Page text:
Japan’s economy contracted 1.4% during the fourth quarter of 2015, raising questions about the efficacy of Prime Minister Shinzo Abe’s Abenomics. Japan has fought hard to break out of a deflationary spiral, a threat which still looms large over its economy. The country's economic growth remains fragile and unstable, domestic consumption is sluggish, exports are highly dependent on the boost provided by the weak yen, the population is aging, and Japan's stock markets remain volatile.

Back in December 2012, Prime Minister Abe said, "With the strength of my entire cabinet, I will implement bold monetary policy, flexible fiscal policy and a growth strategy that encourages private investment, and with these three policy pillars, achieve results,” which were famously – or infamously – dubbed “Abenomics.” The policies were meant to shake Japan’s sluggish economy and put it on a better growth path by boosting domestic demand while aiming for 2% inflation.


Prime Minister Shinzo Abe’s three arrow strategy includes an aggressive monetary policy, flexible fiscal stimulus and structural reforms. Though quantitative easing was first introduced in Japan in the early 2000s, the policy was used again as a part of Abe’s economic program.

In 2013, the Bank of Japan unveiled a massive stimulus package increasing the purchase of government bonds by 50 trillion yen per year in order to reach its target inflation of 2%. The Japanese government spent an extra $114 billion from January to April 2013 in an effort to spur economic growth. The increase in government spending funded infrastructure changes in schools, roads and earthquake defense.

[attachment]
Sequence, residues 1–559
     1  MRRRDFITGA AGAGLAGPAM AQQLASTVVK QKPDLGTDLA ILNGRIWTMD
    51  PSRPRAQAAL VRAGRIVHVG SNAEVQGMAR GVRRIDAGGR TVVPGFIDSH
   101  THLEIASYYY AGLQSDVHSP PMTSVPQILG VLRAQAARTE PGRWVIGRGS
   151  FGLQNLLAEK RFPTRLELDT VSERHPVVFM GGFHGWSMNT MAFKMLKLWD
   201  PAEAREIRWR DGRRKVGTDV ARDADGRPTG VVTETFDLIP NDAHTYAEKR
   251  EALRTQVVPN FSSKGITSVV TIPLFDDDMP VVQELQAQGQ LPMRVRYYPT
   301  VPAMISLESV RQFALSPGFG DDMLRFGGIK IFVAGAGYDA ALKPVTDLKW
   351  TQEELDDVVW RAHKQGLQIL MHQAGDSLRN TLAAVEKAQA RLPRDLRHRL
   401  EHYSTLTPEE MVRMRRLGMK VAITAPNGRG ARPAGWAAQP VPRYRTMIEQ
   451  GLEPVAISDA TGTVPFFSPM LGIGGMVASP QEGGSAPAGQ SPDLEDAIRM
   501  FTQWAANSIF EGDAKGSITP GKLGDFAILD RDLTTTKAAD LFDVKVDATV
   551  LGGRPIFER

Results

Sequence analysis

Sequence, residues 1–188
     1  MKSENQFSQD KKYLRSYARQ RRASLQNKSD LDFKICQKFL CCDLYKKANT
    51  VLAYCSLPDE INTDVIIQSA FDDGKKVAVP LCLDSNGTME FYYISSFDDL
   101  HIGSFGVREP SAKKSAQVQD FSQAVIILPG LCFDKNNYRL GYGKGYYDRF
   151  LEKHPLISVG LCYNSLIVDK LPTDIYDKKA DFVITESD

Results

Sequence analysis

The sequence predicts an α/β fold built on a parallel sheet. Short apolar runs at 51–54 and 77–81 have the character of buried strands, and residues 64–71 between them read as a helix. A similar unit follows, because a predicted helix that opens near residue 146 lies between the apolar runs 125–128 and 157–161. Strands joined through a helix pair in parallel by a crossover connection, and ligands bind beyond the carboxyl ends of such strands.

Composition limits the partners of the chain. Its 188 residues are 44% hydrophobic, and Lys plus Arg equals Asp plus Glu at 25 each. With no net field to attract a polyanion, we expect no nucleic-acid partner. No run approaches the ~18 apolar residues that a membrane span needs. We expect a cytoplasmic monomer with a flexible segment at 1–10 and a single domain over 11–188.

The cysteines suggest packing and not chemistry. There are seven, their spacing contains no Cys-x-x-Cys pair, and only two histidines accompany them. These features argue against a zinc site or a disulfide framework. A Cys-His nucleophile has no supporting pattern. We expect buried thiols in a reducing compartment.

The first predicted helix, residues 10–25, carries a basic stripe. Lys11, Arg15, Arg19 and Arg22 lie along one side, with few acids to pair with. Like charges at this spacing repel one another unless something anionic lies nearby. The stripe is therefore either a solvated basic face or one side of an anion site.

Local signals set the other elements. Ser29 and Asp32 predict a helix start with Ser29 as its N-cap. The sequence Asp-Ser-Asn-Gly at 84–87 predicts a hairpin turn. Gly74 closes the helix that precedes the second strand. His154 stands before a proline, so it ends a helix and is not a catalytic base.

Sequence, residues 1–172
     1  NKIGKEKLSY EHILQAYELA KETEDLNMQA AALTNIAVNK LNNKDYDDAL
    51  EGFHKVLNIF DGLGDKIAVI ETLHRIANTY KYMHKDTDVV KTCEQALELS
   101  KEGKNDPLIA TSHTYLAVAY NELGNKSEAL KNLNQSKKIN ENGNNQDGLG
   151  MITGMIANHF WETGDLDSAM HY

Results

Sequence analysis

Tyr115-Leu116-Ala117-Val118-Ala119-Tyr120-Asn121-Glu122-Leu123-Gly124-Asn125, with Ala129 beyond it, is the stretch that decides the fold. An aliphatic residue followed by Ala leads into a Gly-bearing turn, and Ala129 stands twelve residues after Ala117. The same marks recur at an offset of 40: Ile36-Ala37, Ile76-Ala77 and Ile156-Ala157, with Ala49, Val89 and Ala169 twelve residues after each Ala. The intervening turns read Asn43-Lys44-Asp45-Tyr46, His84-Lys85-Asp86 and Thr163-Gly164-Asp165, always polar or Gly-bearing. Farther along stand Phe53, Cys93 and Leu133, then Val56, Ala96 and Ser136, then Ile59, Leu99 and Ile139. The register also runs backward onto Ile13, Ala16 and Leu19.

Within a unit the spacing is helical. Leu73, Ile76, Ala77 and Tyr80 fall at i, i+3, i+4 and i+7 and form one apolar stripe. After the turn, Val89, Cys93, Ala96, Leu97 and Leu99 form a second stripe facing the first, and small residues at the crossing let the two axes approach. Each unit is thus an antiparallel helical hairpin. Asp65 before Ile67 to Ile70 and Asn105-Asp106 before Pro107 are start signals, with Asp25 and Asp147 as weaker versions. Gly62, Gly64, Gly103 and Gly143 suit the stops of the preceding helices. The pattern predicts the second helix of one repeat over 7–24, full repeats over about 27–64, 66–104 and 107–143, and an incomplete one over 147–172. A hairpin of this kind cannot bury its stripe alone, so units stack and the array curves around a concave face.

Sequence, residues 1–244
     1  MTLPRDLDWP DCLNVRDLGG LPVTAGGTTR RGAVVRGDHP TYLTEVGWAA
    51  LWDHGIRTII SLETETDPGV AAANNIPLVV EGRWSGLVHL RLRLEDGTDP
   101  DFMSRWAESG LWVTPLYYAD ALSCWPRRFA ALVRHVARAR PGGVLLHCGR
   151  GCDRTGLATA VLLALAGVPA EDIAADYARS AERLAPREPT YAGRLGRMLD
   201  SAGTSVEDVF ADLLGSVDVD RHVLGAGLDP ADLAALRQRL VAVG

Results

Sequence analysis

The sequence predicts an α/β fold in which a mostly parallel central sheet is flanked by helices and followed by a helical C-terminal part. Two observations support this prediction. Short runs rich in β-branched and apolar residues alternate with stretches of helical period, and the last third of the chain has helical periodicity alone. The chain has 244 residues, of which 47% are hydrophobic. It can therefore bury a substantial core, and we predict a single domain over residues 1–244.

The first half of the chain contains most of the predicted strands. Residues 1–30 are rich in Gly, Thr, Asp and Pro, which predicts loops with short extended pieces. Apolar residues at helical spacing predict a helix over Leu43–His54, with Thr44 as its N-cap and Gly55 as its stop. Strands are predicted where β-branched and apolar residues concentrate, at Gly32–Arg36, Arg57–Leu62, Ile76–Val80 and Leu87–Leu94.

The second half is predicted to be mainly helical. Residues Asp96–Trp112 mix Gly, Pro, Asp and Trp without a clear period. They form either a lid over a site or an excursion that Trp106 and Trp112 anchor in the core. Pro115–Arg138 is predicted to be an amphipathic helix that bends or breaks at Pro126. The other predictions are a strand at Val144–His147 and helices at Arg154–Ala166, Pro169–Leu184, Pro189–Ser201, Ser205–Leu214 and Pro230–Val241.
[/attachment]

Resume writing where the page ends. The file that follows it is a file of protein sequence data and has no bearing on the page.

As a result of Shinzo Abe’s expansionary fiscal policy, the Japanese public debt ballooned to $10.5 trillion by August 2013. Among developed nations, Japan has the highest debt-to-GDP ratio with over 240 percent more public debt than GDP. Structural reforms included measures such as easing business regulations, liberalizing labor markets and trimming corporate taxes to enhance Japan’s competitiveness. (Related reading, see: The Fundamentals Of Abenomics.)

Problems Persist

Japan’s initial optimism following the introduction of Abenomics resulted in greater consumer confidence and gains in financial markets. However, its success was short-lived, and the “three arrow strategy” obviously did not work given Japan’s economic progress and current report card. Japan’s gross domestic growth continues to seesaw between positive and negative territory, keeping policy makers on their toes.

According to analysts, “for every 1% Japan's economy grows, between 0.5 and 0.7% comes from exports.” This explains the importance of exports and the policies adopted by Tokyo targeted to keep the yen weak.

From 2012 to 2014, Japan was successful in keeping the value of yen down against the dollar, which helped prop up its exports. But the yen has been gaining strength, and at the same time aging corporations in Japan continue to sit on cash but refuse to raise wages or give out dividends, which could boost Japan’s weak domestic demand. To combat these issues, and provide a fresh impetus to lending and investment, the Bank of Japan recently adopted a negative interest rate policy. (Related reading, see: Aging Japan Is an Arrow in the Back of Abenomics.)

The Bottom Line

Abenomics, which has been in force for the last three years, has been challenged each time Japan’s economy hasn’t shown the desired results. The recent adoption of a negative interest rate policy shows that Japan is trying hard to shake its corporations in an attempt to force them to put liquidity back into the system via better wages and investor dividends. Simultaneously, it hopes to keep the yen in check to maintain the competitiveness of Japanese exports. Economists think the central bank may push the interest rate even lower going forward to achieve some success.

While the success of the policy will be measured in the long run, Japan needs to revamp its policies related to immigration to solve the bigger issue facing the country: a fast aging population.